As I said a few days ago I have been suffering from an annoying case of reader's block and, as I also said, I put it down to withdrawal symptoms after I finished Patrick Hamilton's The Slaves of Solitude. The review of that book is going to appear in a few days as I did it as a read-along with Simon and others, but meanwhile I headed off to my local library and there I was pleased and surprised to find this, which is Hamilton's second novel, written when he was all of twenty-two.
I wasn't sure, at first, if I was going to take to it. It's set, as is the later novel, in a seedy boarding house, though in this case one that disguises itself as a private house that just happens to taking 'paying guests'. But the mood and tone are much lighter, or rather the comedy and seriousness are blended in a different way, and that took a bit of getting used to. Once I did, though, I was well and truly hooked, and raced through the novel in joy and delight, longing to see how it would all end.
Craven House, in a shabbily genteel part of London, is owned by a shabbily genteel spinster by the name of Miss Hatt who, as the novel begins, has taken on some new 'guests', the retired Major Wildman and his small son. Master Wildman -- for so he is referred to throughout the novel -- is eight years old, and is to become the book's central character. The story begins in 1911, but takes a leap forward about halfway through and ends up in the early 1920s. So we follow Master Wildman through his schooldays, the death of his father, his first job in the City, his ambitions to become a playwright, his passion for the cold but beautiful Miss Cotterall, and his friendship with little Elsie, who also lives at Craven House. Elsie, indeed, is almost as central to the story. Shy and quiet, she is kept that way by her mother Mrs Nixon who frequently attacks her with a stick in the privacy of their rooms. But, as Elsie grows up, she begins to develop a little more courage, and this will have far-reaching results.
The story is a delight and its twists and turns never predictable. The characters are wonderfully funny and diverse -- dreadful Mr Spicer, who goes out for long 'walks' which take him into pubs and into the company of prostitutes, both of which habits he naturally conceals from his foolish, dull wife -- the servants, Ethel and Audrey, who giggle in the basement but are in danger of 'getting out of hand' -- elderly Mrs Hoare, who is too discreet even to speak whole words, preferring instead to use initials ('"Perhaps a little A", says Mrs Hoare, "about the Aitch" (Angry about the Hair)').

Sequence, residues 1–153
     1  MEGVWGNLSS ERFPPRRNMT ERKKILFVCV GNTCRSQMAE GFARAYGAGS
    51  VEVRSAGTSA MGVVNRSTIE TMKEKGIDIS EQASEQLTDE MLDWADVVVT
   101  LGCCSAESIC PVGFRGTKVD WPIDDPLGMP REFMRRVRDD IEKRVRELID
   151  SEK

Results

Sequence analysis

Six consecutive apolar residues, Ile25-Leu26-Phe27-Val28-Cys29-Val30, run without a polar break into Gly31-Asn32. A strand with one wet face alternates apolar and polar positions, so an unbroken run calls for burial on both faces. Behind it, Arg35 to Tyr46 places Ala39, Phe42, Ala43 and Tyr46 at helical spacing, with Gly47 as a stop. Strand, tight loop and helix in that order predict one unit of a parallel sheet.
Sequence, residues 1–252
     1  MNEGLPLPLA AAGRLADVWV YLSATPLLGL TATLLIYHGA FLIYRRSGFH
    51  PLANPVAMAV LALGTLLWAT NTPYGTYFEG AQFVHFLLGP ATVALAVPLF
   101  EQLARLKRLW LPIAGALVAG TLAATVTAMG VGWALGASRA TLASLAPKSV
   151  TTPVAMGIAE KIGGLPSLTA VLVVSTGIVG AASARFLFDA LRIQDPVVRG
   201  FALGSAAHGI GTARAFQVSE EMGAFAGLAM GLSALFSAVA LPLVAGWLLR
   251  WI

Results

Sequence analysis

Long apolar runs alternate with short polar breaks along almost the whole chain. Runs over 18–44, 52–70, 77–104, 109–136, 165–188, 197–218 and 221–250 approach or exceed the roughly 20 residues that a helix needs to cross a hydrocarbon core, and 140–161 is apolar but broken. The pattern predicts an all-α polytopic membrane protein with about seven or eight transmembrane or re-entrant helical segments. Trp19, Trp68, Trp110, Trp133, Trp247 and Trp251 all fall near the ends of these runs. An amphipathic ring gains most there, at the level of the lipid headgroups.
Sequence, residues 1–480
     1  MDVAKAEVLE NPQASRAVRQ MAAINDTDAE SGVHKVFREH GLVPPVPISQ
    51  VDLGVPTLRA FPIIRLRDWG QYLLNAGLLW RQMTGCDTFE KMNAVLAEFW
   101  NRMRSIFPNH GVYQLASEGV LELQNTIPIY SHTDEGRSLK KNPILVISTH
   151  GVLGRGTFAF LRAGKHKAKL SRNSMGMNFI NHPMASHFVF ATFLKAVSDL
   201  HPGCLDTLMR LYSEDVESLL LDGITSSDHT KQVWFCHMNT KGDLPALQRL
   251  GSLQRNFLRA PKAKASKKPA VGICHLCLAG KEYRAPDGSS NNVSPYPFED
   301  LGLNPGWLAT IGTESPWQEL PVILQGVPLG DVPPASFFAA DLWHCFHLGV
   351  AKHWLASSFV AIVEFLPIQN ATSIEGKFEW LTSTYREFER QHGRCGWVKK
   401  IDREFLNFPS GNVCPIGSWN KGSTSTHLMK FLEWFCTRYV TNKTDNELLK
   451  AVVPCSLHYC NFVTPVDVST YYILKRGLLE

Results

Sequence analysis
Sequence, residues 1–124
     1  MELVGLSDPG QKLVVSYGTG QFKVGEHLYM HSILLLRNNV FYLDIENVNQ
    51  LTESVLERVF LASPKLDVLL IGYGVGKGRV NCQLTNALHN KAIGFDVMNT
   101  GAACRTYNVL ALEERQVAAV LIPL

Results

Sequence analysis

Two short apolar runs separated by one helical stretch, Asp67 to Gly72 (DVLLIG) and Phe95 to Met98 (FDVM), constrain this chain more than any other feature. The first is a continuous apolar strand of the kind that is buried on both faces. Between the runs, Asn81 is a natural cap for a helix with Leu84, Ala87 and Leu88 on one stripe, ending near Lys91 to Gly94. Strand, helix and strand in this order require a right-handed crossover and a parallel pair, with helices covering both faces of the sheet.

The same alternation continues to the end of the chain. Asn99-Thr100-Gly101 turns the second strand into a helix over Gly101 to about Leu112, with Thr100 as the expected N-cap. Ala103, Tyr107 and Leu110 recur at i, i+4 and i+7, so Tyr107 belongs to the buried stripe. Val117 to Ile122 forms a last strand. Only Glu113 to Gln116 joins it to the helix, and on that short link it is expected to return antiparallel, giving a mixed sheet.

Patrick Hamilton's prose is wonderful -- witty at times, always brilliantly observed. I want to quote huge chunks of it but I'll try to restrain myself with an example or two:
It was a grey, roaring day in July, with the wind as high as though the gods had come to earth, and it was, perhaps, the most beautiful day in all the year. For anything more beautiful than that besieging wind, brushing up the leaves to unearthly silvers and dead bight greys, and swirling every tree into a maddened and suffering tangle, with a whisper and hiss and toss -- or anything more lovely than those strange, short calms, when one dead leaf against a dead sky would flutter to the ground, and an invisible rain would start patting on the ivy, and pitting the dust hurriedly against the distant but fast-returning roar -- would have to be found in a stranger and more bewailing earth than this.
Craven House was published almost exactly twenty years before The Slaves of Solitude, and it was fascinating to compare the two, both of which certainly have some elements of autobiography. More Patrick Hamilton is winging its way to me and I am really looking forward to exploring his work further. But meanwhile I can't resist another quotation, which actually made me laugh out loud this morning as I was reading it in bed:
Whereas the first signs of a failing brain in the average human are believed to manifest themselves in the form of odd straws, or irrelevant flowers sticking out from their persons; and whereas this is in fact a mainly false belief, there is no doubt that, when suspicions of this sort come to centre round an old lady, the trouble first sets in around the Hat. A cherry too much, a rose too dangling, an apple too great, a bunch of grapes to the bad, and before you know where you are, you have a thick-veiled, white-booted, painted, muttering old nodder, charging along the streets, mixing with the crowd, and waiting with eternal nods at street corners, to the bewildered horror of the public at large.
Wonderful stuff and I am tempted to read the whole thing again, not something I do very often.